With emerging economies more prominent than they used to be, and with memories of the great Argentinian default of 2001 and the Asian financial crisis of 1997 still fresh, it is understandable that investors have been spooked by the recent turmoil in emerging markets. But, as in previous episodes, and with one exception, the difficulties of emerging nations are unlikely to become so severe as to endanger the global recovery. The one exception is China, to which I return below.

Uri Dadush
Dadush was a senior associate at the Carnegie Endowment for International Peace. He focuses on trends in the global economy and is currently tracking developments in the eurozone crisis.
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Investors strike a kind of Faustian bargain with emerging markets: they will accept the widespread political uncertainty, bad governance, economic instability and weak rule of law in exchange for two things; big profits at a bargain-basement price (in the financial jargon, low price/earnings ratios), and the promise of growth.

Over the last couple of years, all three elements of the bargain have broken down to an extent. In some big countries such as Turkey, Russia and India the political uncertainty and bad governance have gotten out of hand even by their low standard. In Brazil and many other countries, equity valuations became too rich as international interest rates fell and returns were boosted temporarily by strong currencies. Most importantly, expectations of emerging market growth, which hit 7 percent in some years, became entirely unrealistic, so now – in the eyes of the financial markets - growth at near 5 percent looks like a disaster.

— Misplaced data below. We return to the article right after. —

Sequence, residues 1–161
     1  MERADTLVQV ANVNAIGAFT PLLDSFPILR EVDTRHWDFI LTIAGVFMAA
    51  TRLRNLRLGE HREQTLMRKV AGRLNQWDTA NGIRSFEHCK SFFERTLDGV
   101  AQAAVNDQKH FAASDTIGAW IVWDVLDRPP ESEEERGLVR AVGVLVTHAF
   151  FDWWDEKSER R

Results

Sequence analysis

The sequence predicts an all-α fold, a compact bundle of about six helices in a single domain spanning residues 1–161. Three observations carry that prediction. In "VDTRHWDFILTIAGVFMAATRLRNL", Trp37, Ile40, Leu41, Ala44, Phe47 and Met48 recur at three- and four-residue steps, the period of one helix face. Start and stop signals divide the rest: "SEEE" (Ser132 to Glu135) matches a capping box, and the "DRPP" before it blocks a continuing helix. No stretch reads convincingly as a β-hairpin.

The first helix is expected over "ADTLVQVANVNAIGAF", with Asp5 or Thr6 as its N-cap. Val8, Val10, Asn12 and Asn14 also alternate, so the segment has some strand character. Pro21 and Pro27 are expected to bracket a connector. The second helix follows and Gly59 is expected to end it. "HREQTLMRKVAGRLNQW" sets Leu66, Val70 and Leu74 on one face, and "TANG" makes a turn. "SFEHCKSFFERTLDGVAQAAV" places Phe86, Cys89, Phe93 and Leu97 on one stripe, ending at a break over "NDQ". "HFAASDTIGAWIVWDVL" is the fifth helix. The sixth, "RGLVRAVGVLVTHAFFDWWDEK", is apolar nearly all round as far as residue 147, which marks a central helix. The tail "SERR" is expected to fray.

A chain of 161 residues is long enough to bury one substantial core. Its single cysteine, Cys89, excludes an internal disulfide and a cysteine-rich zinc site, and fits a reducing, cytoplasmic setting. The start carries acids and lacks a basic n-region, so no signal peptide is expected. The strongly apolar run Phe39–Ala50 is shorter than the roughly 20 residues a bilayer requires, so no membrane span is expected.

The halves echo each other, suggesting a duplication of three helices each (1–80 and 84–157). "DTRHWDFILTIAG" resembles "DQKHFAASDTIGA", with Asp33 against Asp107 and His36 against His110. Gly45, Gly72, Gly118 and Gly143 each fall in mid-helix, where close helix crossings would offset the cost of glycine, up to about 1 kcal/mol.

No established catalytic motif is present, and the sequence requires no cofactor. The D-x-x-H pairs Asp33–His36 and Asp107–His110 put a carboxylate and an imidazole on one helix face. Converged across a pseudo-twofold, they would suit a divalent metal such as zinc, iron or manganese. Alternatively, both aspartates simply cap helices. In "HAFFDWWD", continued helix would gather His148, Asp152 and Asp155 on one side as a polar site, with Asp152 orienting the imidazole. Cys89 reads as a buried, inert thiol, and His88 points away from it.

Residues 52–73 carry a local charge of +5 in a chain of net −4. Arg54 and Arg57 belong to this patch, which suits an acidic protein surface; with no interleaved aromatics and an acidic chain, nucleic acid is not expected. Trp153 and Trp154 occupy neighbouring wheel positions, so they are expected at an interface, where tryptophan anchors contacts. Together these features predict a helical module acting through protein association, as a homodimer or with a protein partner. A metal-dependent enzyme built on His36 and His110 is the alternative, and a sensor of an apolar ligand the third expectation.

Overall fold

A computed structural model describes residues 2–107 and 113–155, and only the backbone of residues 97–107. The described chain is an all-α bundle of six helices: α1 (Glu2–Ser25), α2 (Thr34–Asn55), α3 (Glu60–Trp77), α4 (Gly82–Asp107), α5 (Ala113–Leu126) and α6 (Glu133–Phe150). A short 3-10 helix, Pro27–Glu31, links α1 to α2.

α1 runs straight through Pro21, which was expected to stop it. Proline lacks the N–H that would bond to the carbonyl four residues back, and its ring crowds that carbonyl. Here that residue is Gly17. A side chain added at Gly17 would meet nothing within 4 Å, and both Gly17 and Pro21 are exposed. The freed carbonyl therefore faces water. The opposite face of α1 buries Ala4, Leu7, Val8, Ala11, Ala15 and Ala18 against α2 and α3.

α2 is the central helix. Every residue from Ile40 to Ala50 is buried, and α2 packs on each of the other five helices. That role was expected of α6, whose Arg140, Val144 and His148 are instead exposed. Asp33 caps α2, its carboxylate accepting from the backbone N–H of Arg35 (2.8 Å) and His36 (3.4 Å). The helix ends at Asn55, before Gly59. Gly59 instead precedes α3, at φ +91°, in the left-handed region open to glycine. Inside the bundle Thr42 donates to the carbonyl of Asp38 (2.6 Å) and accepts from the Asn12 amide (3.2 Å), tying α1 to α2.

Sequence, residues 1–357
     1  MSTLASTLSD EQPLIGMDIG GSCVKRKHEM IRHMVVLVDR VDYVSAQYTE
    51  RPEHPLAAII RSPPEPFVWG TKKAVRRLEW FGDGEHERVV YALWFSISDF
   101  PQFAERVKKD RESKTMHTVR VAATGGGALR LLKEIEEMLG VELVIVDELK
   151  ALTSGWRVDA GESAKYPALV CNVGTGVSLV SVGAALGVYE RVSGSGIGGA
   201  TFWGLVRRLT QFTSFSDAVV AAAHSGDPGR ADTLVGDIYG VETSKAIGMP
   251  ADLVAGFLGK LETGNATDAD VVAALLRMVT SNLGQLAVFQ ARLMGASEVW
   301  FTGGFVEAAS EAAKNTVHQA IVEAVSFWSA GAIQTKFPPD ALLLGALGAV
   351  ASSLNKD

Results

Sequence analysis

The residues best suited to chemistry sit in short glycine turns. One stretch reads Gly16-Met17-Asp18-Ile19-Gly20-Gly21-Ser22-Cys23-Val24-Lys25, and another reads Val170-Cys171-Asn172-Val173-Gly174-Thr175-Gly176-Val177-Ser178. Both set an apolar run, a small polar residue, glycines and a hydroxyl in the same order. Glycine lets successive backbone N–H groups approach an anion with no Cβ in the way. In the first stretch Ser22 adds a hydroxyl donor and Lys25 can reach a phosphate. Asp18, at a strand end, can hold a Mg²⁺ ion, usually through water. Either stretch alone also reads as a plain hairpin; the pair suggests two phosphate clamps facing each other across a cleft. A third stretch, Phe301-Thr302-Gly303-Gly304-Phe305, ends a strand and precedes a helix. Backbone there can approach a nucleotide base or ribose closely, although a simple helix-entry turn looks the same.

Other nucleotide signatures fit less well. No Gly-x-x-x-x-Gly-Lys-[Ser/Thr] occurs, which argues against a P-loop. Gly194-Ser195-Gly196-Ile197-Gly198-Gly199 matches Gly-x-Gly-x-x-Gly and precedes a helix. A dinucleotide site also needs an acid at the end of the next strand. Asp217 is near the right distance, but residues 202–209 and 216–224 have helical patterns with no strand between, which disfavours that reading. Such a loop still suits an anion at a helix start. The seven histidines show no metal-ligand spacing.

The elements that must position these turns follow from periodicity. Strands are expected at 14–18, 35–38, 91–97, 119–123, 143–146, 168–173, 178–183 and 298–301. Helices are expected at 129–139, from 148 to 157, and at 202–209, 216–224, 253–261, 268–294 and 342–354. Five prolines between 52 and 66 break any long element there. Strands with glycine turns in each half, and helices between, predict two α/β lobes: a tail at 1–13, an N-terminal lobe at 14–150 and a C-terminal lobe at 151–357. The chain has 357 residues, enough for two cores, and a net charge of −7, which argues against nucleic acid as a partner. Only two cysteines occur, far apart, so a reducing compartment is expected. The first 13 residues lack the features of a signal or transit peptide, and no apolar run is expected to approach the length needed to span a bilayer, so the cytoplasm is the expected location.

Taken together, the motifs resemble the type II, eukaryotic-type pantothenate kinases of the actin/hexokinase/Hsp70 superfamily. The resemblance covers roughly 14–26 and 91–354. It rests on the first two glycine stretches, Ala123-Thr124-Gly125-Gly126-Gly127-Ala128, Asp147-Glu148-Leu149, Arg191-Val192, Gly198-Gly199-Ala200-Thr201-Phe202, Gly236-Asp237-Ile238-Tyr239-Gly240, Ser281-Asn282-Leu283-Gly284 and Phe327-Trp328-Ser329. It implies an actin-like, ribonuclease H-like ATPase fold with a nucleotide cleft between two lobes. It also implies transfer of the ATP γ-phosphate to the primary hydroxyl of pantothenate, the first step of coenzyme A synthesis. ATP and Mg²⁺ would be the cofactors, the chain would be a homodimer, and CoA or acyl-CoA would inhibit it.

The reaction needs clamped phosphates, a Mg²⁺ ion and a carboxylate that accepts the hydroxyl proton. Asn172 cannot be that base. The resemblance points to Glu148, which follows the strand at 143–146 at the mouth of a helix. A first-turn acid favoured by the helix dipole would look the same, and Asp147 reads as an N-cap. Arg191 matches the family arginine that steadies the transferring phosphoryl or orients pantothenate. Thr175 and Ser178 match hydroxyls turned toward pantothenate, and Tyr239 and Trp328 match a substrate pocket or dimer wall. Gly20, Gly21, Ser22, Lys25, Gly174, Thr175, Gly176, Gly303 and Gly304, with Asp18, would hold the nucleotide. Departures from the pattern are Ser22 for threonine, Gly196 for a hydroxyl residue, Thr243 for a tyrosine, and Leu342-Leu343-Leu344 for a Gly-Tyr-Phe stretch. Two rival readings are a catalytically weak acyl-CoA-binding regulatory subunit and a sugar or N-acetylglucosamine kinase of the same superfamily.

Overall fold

But, of course, 5 percent growth is not a disaster. Nor, as the World Bank has argued recently, are the recent difficulties of emerging markets to be interpreted as the end of their emergence. The conditions for their technological catch-up, their hunger for infrastructure investment and for consumer products, and their young and rapidly growing labor force, did not suddenly disappear when the Fed announced that it was contemplating a less loose monetary stance.

It is, nevertheless, very likely that emerging markets will experience choppy seas in 2014 and, possibly, into 2015 as well. This is only tangentially related to Fed tightening, and has more to do with their domestic policy inadequacies and the almost inevitable growth disappointment of recent years.

Will we see a repeat of the massive and contagious financial crises of the 1990’s? I think not, even though individual countries may go through a very rough episode. There are two main reasons to be confident: with the exception of South Africa and Turkey, current account deficits of large developing countries are within reasonable bounds (especially considering that foreign exchange reserves are more abundant), and countries are much more willing to let their exchange rates slide as part of their day-to-day adjustment to shocks. Flexible exchange rates also reduce the likelihood that companies build up large liabilities in foreign currency. These factors do not make countries invulnerable, by any means, but they do significantly reduce the likelihood of extreme events.

Emerging markets are a very diverse group and given their better defenses, they are unlikely, on their own, to threaten the global recovery. However, their fragile state could combine with other unforeseen shocks in advanced countries to make matters worse.

In all this discussion, China stands apart. It is indeed a large enough force in world trade to trigger a major emerging market and global slowdown were it to run into serious trouble. However, a crisis in China would bear no resemblance to the balance of payments crises so familiar in emerging markets. It is still a country that is more likely to bail out the IMF rather than the other way round. A crisis in China, would be a crisis of domestic imbalances requiring domestic solutions, resembling more that which the United States has recently navigated. Perhaps one can draw some comfort from the fact that the great economic collapse of China has long been the most predicted crisis in history, and continues to be.

This article was originally published in L’Espresso.